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Mackenzie King's 'not necessarily conscription' policy

With his cautious policies and shrewd political skills, he successfully led Canada for almost 22 years. But behind closed doors, he held secret séances and had frequent conversations with his dead mother. As Canada's longest-serving prime minister, William Lyon Mackenzie King's public persona was staid and serious. After his death in 1950, however, his fascinating private life slowly came to light.

"Mackenzie King was not a wartime leader, in the sense that he wasn't a warlord like Churchill or a great leader like Roosevelt," asserts political scientist Reg Whitaker. But, as Whitaker explains in this 1984 CBC Television feature on the Liberal party, King was a very successful leader for Canada during the Second World War. He brought the country through the war without igniting further divisions between the French and English over the issue of conscription (mandatory military duty).

French-Canadians were against conscription to serve overseas, while most of English Canada supported conscription if it was deemed necessary. As Whitaker points out, this issue spawned King's now-famous credo, "not necessarily conscription, but conscription if necessary." For the sake of unity, King delayed implementing conscription as long as possible. When 16,000 conscripts were eventually sent overseas in 1944, the country's unity survived the ordeal.
• As the possibility of war was approaching in the 1930s, the peace-loving Mackenzie King supported British Prime Minister Neville Chamberlain's policy of appeasing Germany in order to avoid war. When it became apparent that Britain would be declaring war, King — who was always eager to assert Canadian autonomy — announced that he would consult Parliament to decide what to do. On Sept. 10, 1939, Canada officially declared war on Germany, one week after Britain had done so.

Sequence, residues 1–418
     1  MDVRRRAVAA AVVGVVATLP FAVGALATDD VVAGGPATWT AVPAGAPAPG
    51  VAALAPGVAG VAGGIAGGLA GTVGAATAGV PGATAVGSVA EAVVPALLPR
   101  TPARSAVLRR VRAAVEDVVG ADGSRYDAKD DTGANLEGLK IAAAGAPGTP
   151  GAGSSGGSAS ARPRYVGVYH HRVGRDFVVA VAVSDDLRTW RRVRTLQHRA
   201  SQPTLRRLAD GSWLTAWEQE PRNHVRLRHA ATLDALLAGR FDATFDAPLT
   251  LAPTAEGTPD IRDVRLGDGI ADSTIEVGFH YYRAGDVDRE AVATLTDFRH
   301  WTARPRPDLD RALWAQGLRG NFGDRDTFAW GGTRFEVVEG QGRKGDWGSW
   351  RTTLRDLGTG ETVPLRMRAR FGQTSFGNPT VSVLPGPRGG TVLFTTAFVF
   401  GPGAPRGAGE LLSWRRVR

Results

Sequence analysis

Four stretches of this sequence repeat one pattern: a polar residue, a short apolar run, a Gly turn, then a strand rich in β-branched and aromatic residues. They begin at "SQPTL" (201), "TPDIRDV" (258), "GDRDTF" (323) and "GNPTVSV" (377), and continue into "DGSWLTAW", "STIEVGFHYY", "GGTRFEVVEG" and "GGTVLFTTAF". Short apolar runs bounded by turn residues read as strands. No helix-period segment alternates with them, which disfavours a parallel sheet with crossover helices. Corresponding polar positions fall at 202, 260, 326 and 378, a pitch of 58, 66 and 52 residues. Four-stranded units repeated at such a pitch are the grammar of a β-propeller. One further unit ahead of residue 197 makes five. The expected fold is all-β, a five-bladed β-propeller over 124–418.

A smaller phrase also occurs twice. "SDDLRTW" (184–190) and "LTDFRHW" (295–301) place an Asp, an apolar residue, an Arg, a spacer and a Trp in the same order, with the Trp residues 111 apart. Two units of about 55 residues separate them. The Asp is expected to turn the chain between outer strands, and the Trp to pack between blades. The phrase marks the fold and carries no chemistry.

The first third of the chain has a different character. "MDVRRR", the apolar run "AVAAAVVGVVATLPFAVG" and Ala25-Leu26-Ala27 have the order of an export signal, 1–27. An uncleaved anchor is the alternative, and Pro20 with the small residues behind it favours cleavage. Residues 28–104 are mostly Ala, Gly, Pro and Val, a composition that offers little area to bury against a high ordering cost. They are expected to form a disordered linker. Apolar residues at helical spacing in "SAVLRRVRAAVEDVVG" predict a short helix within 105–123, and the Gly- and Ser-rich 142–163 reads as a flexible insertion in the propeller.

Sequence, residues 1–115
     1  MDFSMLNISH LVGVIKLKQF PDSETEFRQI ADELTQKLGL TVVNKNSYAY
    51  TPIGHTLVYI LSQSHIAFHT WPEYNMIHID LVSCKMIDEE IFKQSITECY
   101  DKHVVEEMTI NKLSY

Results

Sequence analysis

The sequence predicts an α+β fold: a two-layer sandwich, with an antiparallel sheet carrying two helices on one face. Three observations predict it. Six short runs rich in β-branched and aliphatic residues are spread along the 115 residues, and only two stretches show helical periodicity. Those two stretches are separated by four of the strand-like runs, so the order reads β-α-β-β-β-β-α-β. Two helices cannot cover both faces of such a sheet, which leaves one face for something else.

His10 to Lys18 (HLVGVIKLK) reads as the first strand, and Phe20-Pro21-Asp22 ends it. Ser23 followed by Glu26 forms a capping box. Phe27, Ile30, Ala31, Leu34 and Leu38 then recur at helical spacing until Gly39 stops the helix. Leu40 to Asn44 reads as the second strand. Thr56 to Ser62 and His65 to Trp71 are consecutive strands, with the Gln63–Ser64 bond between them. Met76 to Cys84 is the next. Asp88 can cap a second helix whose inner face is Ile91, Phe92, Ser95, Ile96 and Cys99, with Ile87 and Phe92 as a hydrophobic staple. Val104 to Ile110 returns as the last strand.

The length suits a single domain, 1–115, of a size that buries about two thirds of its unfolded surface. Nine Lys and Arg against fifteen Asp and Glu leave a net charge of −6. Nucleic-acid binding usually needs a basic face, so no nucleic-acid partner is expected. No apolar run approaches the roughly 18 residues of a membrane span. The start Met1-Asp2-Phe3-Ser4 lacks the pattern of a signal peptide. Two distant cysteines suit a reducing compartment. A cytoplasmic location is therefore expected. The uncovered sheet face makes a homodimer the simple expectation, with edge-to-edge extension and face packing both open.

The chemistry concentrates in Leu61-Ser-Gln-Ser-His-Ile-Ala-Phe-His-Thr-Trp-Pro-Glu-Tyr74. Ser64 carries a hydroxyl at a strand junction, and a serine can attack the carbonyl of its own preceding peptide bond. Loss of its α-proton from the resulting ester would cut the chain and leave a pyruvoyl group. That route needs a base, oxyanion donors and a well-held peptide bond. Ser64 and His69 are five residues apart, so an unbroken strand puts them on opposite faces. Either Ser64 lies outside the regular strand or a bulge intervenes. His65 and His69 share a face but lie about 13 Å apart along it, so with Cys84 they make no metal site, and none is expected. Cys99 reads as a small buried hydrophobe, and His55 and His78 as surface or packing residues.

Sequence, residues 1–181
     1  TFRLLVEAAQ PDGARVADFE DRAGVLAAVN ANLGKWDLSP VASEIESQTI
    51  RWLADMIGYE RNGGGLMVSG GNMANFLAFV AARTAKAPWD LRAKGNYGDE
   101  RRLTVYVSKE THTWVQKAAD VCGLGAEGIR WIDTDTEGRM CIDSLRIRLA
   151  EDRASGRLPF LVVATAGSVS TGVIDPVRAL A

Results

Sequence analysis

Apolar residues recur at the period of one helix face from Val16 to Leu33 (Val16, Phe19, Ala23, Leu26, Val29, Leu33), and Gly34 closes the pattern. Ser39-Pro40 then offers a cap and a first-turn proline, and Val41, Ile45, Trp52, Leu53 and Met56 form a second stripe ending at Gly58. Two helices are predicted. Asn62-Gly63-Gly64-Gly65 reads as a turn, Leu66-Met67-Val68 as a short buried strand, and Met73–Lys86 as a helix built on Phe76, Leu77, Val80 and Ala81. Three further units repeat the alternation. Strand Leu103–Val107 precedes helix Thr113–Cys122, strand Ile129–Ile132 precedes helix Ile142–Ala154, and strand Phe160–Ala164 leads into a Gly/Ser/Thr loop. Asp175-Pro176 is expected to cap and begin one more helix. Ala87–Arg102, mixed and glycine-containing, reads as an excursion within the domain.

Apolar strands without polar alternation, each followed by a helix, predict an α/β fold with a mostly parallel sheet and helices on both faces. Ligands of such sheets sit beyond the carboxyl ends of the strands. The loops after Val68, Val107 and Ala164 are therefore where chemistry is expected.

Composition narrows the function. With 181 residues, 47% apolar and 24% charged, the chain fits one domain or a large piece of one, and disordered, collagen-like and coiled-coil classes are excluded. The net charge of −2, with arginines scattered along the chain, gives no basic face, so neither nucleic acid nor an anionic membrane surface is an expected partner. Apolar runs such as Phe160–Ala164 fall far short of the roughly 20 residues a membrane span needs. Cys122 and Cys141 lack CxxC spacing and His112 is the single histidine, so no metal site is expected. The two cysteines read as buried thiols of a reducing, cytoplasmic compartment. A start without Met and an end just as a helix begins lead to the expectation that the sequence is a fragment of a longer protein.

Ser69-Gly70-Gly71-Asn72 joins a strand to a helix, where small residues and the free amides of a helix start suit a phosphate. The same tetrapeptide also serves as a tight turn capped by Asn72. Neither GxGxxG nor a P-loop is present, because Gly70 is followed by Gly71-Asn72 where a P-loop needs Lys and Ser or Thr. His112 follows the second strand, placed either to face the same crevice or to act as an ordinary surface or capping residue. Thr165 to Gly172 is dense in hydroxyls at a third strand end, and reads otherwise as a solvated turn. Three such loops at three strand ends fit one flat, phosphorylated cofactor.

• At the beginning of the war, King made a promise to Canadians that he would not impose conscription for overseas service. This was partly because during the First World War the issue of conscription had divided the country along linguistic lines. King wanted to avoid a similar conflict this time.

• Canada had enacted conscription for "home service" in 1940. This allowed the government to register Canadians and move them into jobs considered necessary for wartime production — something that obviously didn't cause the controversy that overseas conscription would.

• Voluntary overseas enlistment was slowing down by 1941. It became clear that the King government would have to revisit the conscription question. In 1942, King decided to hold a plebiscite asking Canadians to release the government from its promise to not implement overseas conscription. The results of the plebiscite revealed a country divided: in Quebec, 72.9 per cent voted no, while the rest of the country averaged about 80 per cent yes.

• King was very sensitive to the damage that implementing conscription could do to national unity. He pledged that the results of this plebiscite didn't mean that there would definitely be conscription. According to many Canadian historians, his now-famous phrase "not necessarily conscription, but conscription if necessary" embodies King's flair for evasiveness and ambiguity.

• King held off on implementing overseas conscription as long as he could. In 1944 there were heavy infantry casualties in Europe. It became clear that conscription was now necessary. King ordered 16,000 conscripts overseas.
• In a 1944 speech following this decision, King strongly emphasized the importance of national unity: "If there is anything to which I have devoted my political life, it is to try to promote unity, harmony and amity between the diverse elements of this country."

• While many French-Canadians were still extremely upset when conscription eventually took place near the end of the war, historians now believe that King's delay tactics were exactly what was needed to keep the country together during a potentially explosive time. Political historian Michael Bliss has written that one of King's achievements as prime minister was in "dividing Canadians least."

• The war in Europe was officially over on May 8, 1945, while King was still in power. After hearing this news at night on May 7, King penned a very long diary entry. He was pleased about the victory, but also focused on the tragedy of war: "It is sad beyond words…that the multitudes of innocent people have had to suffer so terribly for the guilt and the folly, vain-glorious ambition of a handful of gangsters."
Medium: Television
Program: The Journal
Broadcast Date: June 11, 1984
Guest(s): Reg Whitaker
Narrator: Peter Kent
Producer: David Kirk
Duration: 1:18

Last updated: November 29, 2012

Page consulted on December 6, 2013

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